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What is production? Part 5: Mastering
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How do you know when you have got a good mix? Can you trust your monitoring and acoustics? Well, unless you had an acoustic designer set up your studio for you, you can't really be sure that your monitors are telling you what is really on your recording. So even if it sounds great to you, your recording may not be all that good.
And can you trust your own judgment?
Top mix engineers are paid up to $1000 a track, or more, and to earn that kind of money that have to be darn good. Are you, right at the beginning of your career, that good?
(By the way, the answer is "no"!)
But there is one way you can eliminate most of the doubt caused by less-than-perfect monitors and acoustics and get the services of a top mix engineer working for you...
The answer is in a technique called benchmarking, and it's really easy. Unless your music is so original that nothing on earth like it has been heard before, you probably have a favorite artist or track in mind. Not that you are copying them of course, but even the best and most original musicians have influences.
So, what is the sound you are aiming for in your mix? Can you identify one track from a CD that has the same sound that you want?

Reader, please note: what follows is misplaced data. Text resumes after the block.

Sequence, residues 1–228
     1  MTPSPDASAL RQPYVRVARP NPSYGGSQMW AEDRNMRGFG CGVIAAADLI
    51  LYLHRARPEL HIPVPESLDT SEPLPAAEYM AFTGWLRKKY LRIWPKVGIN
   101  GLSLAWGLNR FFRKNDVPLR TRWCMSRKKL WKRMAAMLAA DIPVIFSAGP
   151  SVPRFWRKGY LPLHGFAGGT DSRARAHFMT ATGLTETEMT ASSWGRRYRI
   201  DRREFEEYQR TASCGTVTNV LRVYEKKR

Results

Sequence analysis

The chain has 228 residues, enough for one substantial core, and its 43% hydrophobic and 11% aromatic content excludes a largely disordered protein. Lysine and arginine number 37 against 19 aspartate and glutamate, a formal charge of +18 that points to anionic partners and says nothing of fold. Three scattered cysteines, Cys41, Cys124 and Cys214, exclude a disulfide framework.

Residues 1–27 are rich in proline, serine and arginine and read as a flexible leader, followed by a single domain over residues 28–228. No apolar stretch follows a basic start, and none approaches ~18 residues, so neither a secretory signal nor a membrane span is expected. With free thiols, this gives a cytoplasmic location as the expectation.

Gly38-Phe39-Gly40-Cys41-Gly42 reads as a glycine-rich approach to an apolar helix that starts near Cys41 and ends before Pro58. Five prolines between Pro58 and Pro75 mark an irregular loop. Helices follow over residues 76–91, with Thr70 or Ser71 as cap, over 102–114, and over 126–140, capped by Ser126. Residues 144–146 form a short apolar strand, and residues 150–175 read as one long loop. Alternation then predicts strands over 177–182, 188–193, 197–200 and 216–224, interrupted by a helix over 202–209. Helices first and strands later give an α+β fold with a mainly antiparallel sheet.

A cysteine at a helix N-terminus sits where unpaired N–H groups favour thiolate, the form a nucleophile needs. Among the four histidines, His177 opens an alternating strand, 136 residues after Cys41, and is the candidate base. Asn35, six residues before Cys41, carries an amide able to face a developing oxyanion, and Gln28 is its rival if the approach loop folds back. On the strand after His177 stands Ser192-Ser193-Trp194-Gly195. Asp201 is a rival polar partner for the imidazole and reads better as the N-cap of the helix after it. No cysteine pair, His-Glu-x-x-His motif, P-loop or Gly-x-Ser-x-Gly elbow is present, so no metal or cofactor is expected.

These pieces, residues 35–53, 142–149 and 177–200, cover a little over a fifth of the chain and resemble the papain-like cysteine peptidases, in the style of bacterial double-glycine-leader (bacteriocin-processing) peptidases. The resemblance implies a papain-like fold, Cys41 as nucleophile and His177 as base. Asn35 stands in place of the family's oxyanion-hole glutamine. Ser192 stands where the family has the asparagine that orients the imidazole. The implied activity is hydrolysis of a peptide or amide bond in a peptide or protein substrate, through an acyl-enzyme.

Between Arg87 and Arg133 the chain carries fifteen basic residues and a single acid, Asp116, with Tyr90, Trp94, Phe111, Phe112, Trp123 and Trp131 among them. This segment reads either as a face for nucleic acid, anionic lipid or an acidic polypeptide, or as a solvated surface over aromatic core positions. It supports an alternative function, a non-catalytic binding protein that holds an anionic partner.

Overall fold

It shouldn't be too difficult to come up with a favorite. Now, what you have to do is arrange things so that you can listen to this track and flip back and forth between your new benchmark, and your mix. Usually the best way is to copy it to two spare tracks in your multitrack recording.
Now, you can go through your tracks one by one. Get as close to the kick drum sound of your benchmark, then go for the snare, then go for the other basic instruments. And don't forget the vocal.
It should be obvious that there is no way you are going to get the same sounds, but if you can get in the same range, then your chances of getting a mix as good as your benchmark are vastly improved.
When you have worked on your individual sounds, work on the mix as a whole. You will find that some EQ and compression will be necessary. It's an interesting problem to get a mix to sound as loud as a commercially released CD too.
Maybe the benchmarking technique won't get you all the way there, particularly if the playing isn't too hot - there's no substitute for great playing and singing. But I can guarantee that your mix will be very much better than it would have been otherwise - don't forget, you are matching your work against a $1000 a day engineer. And the learning experience will be significant.
Hey, suddenly your mixes just got a whole lot better!